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Rockwell invests in PCB motor firm in $40m funding round

26 May, 2021

Rockwell Automation has taken an equity stake in the Texan motor developer and manufacturer, Infinitum Electric, as part of a $40m funding round that takes total funding in the company to date to $55m. Infinitum’s integrated motors, which use PCB (printed circuit board) stators instead of the copper wire and laminated iron cores of conventional motors, are claimed to be 10% more efficient, 50% lighter and smaller, and much quieter than standard motors.

The motors, which are based on a patented air-core stator technology, integrate variable-frequency drives (VFDs) and embedded IoT in a compact package. They use lightweight materials and modular design to generate the same power in half the size and weight, and with a fraction of the carbon footprint, of conventional motors.

Infinitum plans to use the new investment to expand production of its IEs Series motors for commercial and industrial applications, and to complete development of its IEm Series motors for the electric vehicle market.

Since Infinitum launched its motors in 2020, they have attracted the interest of HVAC, industrial, and automotive suppliers that are developing products with environmental sustainability, efficiency and serviceability in mind.

The new investment round has been led by Energy Innovation Capital and includes Infinitum’s existing investors Cottonwood Technology Fund, Chevron Technology Ventures and Ajax Strategies, as well as Rockwell.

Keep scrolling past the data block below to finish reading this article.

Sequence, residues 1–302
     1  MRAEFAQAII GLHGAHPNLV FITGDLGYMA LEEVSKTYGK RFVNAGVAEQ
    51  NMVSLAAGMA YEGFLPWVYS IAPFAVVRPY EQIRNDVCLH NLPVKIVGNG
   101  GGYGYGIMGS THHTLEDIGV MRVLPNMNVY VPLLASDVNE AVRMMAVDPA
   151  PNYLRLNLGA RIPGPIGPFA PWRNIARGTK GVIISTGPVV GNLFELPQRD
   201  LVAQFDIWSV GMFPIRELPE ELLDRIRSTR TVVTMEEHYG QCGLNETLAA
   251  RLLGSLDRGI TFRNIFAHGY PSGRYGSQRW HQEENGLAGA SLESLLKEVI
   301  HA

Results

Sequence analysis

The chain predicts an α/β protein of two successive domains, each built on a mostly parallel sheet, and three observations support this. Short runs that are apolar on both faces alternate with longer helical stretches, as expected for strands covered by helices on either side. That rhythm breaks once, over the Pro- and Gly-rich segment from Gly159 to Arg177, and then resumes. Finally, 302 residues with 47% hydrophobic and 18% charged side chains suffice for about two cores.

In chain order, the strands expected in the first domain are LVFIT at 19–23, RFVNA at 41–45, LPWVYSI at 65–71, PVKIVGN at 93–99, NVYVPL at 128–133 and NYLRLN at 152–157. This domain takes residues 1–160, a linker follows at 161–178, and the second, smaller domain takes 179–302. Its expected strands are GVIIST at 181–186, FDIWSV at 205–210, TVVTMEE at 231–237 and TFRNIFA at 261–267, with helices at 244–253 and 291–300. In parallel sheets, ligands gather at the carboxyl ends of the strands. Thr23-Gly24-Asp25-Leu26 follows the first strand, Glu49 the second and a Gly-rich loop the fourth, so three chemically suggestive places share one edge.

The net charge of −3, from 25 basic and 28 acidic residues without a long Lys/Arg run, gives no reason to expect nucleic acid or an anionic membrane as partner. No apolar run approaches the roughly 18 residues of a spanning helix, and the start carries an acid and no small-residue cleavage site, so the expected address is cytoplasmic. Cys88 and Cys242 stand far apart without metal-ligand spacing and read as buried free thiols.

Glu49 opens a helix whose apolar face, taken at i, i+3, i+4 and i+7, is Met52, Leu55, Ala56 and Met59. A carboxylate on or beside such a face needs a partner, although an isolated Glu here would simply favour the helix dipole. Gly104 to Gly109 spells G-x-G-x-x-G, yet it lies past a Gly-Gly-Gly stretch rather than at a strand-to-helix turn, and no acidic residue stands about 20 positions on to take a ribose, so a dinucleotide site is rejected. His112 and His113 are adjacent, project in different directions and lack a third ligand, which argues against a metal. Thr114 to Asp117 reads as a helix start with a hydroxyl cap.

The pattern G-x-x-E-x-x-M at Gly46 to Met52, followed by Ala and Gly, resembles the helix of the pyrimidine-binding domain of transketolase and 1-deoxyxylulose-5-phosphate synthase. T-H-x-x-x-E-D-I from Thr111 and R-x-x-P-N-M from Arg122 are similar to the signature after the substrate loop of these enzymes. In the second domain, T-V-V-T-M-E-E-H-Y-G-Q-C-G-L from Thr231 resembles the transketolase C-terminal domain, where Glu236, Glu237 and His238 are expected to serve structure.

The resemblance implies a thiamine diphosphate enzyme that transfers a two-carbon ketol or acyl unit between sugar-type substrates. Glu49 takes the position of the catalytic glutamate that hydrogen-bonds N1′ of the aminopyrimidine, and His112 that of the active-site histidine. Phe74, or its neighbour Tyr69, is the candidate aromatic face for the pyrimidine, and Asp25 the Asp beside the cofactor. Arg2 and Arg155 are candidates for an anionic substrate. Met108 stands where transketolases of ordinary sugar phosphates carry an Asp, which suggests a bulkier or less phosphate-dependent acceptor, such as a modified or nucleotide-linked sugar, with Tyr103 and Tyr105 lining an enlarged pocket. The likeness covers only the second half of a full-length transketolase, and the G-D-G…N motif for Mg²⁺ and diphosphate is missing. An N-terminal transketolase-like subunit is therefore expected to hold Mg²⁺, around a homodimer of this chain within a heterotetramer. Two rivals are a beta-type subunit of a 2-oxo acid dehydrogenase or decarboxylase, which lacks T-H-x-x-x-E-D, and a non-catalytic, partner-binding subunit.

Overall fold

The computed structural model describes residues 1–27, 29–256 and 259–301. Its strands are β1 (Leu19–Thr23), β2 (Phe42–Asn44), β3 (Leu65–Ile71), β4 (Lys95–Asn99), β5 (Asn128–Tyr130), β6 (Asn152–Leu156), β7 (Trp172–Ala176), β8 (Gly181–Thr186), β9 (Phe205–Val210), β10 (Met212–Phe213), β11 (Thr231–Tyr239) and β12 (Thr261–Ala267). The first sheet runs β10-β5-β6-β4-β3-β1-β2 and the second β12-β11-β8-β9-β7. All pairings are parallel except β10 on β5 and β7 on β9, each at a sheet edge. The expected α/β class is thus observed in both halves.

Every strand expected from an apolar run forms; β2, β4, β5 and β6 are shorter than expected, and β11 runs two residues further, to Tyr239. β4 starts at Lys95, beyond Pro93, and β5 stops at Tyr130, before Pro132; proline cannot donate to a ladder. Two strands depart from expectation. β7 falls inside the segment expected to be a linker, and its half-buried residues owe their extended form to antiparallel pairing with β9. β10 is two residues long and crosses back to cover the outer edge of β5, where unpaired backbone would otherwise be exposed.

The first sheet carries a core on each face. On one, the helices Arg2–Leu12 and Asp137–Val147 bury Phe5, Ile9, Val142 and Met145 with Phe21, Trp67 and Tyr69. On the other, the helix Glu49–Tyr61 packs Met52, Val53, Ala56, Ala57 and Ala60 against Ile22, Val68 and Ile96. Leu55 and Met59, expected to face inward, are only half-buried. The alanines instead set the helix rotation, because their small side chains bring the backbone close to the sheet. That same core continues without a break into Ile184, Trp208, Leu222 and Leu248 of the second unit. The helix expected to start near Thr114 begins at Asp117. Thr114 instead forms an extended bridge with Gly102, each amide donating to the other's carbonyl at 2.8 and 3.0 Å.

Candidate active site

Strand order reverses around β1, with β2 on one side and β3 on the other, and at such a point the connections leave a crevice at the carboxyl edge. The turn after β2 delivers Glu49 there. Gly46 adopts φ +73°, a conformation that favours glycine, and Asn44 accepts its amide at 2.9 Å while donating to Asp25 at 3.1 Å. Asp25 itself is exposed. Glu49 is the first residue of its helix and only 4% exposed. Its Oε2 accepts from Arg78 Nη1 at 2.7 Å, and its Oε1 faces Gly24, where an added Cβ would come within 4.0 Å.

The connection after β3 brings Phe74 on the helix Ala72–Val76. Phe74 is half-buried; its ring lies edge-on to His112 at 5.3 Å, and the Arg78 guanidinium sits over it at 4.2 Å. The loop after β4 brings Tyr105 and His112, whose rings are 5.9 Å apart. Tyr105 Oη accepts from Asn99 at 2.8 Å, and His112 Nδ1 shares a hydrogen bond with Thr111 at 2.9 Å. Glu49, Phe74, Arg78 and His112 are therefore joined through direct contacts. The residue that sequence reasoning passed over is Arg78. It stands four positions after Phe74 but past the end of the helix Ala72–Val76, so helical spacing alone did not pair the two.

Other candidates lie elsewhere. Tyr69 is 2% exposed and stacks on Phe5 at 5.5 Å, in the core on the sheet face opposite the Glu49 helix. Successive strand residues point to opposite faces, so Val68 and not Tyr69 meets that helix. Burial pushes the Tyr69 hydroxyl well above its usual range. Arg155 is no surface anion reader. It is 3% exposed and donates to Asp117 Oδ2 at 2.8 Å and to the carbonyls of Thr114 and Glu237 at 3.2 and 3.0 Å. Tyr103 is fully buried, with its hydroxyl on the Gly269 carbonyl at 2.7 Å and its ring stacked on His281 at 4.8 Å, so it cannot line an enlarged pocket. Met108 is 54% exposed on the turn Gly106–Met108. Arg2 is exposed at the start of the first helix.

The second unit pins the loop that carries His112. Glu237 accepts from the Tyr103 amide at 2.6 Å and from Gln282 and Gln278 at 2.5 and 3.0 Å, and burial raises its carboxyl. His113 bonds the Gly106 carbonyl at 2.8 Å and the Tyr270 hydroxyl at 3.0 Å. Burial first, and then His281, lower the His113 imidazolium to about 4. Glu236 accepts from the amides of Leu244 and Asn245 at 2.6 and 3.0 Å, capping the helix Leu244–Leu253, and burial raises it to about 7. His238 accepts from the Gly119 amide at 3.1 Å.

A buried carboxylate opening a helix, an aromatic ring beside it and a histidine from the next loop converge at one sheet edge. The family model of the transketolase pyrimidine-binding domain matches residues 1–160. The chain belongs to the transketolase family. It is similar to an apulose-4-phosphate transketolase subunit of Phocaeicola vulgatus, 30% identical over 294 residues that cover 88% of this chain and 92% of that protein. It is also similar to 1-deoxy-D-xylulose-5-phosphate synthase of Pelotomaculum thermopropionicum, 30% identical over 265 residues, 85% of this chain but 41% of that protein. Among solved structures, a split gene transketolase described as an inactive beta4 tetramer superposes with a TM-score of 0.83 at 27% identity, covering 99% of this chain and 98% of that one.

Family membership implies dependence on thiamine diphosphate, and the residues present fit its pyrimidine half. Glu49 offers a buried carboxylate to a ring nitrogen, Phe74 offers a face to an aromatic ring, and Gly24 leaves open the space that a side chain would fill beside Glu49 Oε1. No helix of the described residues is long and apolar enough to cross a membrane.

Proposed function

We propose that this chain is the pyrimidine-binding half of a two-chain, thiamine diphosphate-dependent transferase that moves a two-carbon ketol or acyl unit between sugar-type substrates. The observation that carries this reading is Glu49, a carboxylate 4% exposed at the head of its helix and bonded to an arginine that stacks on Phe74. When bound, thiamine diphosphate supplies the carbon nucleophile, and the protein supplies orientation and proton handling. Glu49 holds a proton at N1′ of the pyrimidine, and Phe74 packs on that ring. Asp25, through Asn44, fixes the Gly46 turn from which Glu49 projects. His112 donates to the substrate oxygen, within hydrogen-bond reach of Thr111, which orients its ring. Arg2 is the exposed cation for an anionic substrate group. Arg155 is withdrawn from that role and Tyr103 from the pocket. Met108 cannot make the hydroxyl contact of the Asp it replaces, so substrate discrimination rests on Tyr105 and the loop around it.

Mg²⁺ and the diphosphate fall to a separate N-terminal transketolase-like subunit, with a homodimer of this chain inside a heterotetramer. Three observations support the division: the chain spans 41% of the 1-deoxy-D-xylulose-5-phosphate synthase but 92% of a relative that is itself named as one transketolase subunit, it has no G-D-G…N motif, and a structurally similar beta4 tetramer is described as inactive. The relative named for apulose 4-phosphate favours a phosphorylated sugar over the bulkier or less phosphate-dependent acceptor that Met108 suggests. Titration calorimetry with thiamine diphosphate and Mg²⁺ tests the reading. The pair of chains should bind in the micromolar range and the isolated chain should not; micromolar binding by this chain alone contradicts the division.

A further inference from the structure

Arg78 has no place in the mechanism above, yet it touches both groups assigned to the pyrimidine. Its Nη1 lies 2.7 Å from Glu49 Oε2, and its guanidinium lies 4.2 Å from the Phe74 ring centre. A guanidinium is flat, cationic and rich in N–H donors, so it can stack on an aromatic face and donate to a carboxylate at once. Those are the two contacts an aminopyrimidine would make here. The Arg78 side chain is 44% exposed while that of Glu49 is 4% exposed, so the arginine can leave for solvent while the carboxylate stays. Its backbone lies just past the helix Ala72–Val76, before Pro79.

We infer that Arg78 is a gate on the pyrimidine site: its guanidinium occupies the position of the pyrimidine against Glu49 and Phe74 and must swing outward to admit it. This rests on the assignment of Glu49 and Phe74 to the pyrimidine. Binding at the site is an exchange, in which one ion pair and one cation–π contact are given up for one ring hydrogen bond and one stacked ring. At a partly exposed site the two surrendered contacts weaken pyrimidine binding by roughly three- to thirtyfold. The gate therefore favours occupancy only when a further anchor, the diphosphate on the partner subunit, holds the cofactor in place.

Ben Schuler, founder and CEO of Infinitum Electric, says: “We’re excited to ramp production of our motors after seeing significant demand in the commercial HVAC and industrial markets, as well as the growing interest from electric vehicle suppliers who see the potential a highly efficient, lightweight motor can deliver.

“Partnering with Energy Innovation Capital, Rockwell Automation and our existing investors allows us to scale and power machines more efficiently and sustainably."

According to Bob Buttermore, vice-president and general manager of Rockwell Automation’s Power Control business, Rockwell sees the work that Infinitum is doing as “a natural extension of our growing business helping our customers to be more productive and sustainable.

The new round of funding will allow Infinitum Electric to scale production of its high-efficiency, lightweight, PCB-based motors.

“Infinitum Electric addresses the entire lifecycle of the combined motor and variable-frequency drive – from its materials, to how it’s tested, produced, transported, assembled, used, and maintained,” he adds. “Their motor and variable-frequency drive packaged solution offers superior performance and efficiency, while emphasising usability, which is a key differentiator.”

Kevin Skillern, managing partner of the lead investor Energy Innovation Capital, believes that Infinitum’s “innovative technology approach and pragmatic design has resulted in a motor made for the next 100 years”.

As the world adds 800 million motors annually, Infinitum “is positioned to make machines we rely on more sustainable,” he adds. “We’re excited to welcome Infinitum Electric to our portfolio of companies addressing the world’s biggest energy challenges and look forward to working with the company’s incredibly talented team of industry experts.”

The US General Services Administration (GSA) is currently evaluating Infinitum motors as part of the Green Proving Ground programme that it is running in association with the US Department of Energy (DOE), as part of a search for resource-efficient technologies that can improve building health and resilience.

GSA is testing the performance of the motors in HVAC systems both in a federally-owned building and in a private commercial building, with the aim of cutting heating and cooling costs. More efficient motors will be needed in the US because the energy needed to heat and cool buildings is likely to increase following the publication of CDC (Centers for Disease Control and Prevention) guidelines aimed at increasing outdoor air ventilation and running HVAC systems for longer periods.

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